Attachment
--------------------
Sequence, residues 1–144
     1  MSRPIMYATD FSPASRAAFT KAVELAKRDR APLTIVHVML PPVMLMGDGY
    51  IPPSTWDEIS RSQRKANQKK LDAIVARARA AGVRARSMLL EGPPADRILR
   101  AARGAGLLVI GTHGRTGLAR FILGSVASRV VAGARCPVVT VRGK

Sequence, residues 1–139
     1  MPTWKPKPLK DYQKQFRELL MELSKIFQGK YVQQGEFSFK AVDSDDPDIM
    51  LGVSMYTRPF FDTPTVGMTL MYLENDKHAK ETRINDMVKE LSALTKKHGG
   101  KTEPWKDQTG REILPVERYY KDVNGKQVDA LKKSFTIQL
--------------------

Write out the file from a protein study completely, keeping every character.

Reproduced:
Sequence, residues 1–144
     1  MSRPIMYATD FSPASRAAFT KAVELAKRDR APLTIVHVML PPVMLMGDGY
    51  IPPSTWDEIS RSQRKANQKK LDAIVARARA AGVRARSMLL EGPPADRILR
   101  AARGAGLLVI GTHGRTGLAR FILGSVASRV VAGARCPVVT VRGK

Sequence, residues 1–139
     1  MPTWKPKPLK DYQKQFRELL MELSKIFQGK YVQQGEFSFK AVDSDDPDIM
    51  LGVSMYTRPF FDTPTVGMTL MYLENDKHAK ETRINDMVKE LSALTKKHGG
   101  KTEPWKDQTG REILPVERYY KDVNGKQVDA LKKSFTIQL